A journey through Patrick Lefevere’s Instagram

Toes and all!

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Some background and disclosure first – cast your mind back to late September, just after the World Championships, where Pizza Hut ambassador Remco Evenepoel was the flavour of the month. On September 30, after a flurry of articles and innuendo, Quick-Step AlphaVinyl boss Patrick Lefevere posted a photo of himself having dinner with Remco Evenepoel – an effort to quell rumours of a possible transfer to the Ineos Grenadiers. For better or worse, this led me down the rabbit hole of a 67-year-old Belgian man’s Instagram.

At the time, Caley suggested we save it until the depths of the off-season. After the week that’s been, maybe this is the moment we need Patrick Lefevere’s Instagram account most. My colleagues have either already or are in the process of writing thoughtful pieces dedicated to our former work-mates, who are now just mates. I’ve gone with analysing feet pics. Given what Caley, Matt and Dave helped build at CyclingTips, it’s what they would have wanted: Paddy Lefev’s tootsies…

What follows is the outcome of that September morning scrolling through 10 years of Patrick Lefevere’s Instagram. Whether you love him or hate him is irrelevant for the odyssey we are about to embark upon. It is, at its core, an homage to a decade of work, of clocking in, posting, and then clocking out. Day in. Day out.

Will this get me blacklisted from future Quick-Step AlphaVinyl zoom press conferences, or barred from their annual media get together in the January warmth of the Suitopia hotel in Calpe? Will a blacked-out car draw up alongside me next time I’m in Belgium for the Classics, open its sliding door and bundle me in, never to be seen again? That’s just a risk I’ll have to take. It’s not like he can lay me off too (probably).

And at any rate, it’s all meant in good faith. Right, here we go. First up…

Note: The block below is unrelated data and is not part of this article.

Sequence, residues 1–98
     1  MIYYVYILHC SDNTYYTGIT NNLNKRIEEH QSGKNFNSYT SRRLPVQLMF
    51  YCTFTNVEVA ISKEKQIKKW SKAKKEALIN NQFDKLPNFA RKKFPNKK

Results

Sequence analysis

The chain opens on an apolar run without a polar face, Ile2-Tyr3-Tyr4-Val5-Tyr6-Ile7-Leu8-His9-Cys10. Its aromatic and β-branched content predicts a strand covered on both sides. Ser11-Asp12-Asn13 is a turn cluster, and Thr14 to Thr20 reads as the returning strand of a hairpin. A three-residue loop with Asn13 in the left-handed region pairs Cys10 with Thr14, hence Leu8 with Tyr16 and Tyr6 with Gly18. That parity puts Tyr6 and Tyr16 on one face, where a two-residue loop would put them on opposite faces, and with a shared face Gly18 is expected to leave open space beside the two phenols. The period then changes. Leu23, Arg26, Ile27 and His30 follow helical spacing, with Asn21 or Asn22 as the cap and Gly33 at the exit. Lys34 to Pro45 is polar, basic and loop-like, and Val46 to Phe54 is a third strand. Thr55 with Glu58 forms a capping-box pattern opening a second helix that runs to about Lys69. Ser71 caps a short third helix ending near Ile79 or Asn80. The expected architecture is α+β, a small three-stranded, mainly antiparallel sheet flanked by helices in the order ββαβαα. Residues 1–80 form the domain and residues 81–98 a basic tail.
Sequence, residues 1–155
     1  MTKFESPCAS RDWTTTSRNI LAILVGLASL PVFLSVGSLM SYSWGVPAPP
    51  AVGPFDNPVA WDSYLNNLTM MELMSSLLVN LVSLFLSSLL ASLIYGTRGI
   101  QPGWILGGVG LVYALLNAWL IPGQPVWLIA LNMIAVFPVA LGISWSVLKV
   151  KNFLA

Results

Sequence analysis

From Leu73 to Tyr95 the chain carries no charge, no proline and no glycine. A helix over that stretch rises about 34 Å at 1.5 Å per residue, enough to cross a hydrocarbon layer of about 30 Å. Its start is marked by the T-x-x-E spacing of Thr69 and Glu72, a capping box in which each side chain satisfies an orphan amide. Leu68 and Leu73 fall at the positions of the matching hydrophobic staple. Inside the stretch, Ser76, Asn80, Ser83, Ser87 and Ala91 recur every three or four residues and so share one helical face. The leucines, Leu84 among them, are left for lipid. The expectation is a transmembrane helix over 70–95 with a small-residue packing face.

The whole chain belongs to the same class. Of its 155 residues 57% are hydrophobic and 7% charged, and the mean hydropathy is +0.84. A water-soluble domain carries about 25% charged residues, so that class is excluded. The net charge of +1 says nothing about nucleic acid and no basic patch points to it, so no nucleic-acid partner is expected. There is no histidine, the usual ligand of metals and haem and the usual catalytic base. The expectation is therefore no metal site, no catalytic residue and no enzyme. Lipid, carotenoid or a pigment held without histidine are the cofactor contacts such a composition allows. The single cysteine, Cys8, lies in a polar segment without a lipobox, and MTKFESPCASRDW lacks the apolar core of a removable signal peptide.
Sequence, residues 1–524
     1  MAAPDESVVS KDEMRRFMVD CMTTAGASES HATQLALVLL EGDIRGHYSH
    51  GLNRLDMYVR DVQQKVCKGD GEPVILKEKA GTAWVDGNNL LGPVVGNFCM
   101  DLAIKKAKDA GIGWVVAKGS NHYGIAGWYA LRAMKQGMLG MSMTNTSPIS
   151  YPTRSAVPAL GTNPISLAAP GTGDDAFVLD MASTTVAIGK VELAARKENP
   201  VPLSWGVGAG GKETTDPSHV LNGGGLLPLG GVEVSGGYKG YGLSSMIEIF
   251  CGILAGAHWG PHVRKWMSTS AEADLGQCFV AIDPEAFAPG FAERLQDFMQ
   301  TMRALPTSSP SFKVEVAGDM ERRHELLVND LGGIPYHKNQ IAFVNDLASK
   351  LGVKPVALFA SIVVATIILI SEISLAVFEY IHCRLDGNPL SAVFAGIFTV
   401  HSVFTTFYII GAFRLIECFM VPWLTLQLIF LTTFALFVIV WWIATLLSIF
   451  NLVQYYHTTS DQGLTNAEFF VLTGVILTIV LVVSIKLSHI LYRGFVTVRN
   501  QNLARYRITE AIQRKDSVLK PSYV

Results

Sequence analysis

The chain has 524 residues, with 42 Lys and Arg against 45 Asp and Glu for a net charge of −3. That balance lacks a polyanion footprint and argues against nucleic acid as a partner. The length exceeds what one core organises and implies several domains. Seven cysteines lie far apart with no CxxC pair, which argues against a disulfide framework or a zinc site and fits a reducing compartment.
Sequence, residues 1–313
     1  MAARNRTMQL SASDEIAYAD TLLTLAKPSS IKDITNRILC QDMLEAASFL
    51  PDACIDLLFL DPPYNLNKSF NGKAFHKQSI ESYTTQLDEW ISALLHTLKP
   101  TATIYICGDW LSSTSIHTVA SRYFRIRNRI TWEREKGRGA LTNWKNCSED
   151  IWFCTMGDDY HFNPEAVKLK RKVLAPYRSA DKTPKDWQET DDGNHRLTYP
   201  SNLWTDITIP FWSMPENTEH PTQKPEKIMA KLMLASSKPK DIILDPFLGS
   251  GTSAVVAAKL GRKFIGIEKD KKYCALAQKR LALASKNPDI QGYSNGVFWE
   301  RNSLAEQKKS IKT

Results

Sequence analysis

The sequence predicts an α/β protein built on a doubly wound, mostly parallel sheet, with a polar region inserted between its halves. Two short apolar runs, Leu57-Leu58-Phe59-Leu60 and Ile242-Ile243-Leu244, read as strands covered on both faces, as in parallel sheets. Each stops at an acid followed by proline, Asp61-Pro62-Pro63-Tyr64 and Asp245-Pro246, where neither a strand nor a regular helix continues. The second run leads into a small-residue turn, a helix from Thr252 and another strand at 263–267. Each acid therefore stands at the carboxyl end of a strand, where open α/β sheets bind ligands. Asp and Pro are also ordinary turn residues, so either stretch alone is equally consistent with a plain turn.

…Patrick’s feet

It’s the week following the end of the 2013 Tour de France and Patrick is taking a well-earned rest. Relaxing at home he flicks on his wall-mounted television for the final 12km of stage two of the Tour of Poland. He takes his phone out. He opens his camera. He takes the photo. His feet are in it but he doesn’t care. He opens Instagram. “Looking to Tour of Poland,” he types. Post. Done. Patrick Lefevere’s well-kept feet now forever immortalised on the internet.

Exactly a month passes. Time for another telly/toes combo, Lefevere (probably) thinks to himself. Snap. Boom.

Now, you think, surely that’s it. This phase must have passed – two of this particular series is quite enough.

You’d be wrong. As winter approaches we get two socked versions – the same photo posted twice, the repeat receiving more likes than the original as Patrick watches some cyclocross action at Tabor. Does he delete the duplicate after realising his error? That would be madness. Have you led a cycling team to 1,000 victories? Didn’t think so. Maybe save the advice for someone who actually needs it. By November the socks are gone again, and the TV schedule is Moto GP followed by more cyclocross. What better way to spend a Sunday.

Of course, Patrick Lefevere doesn’t always lead an ordinary, in-front-of-the-telly life like the rest of us. There are helicopters, champagne, wine, parties, a rainy stage housing a miserable-looking Eddy Merckx. And then, by April 2014, we also have socked poolside feet.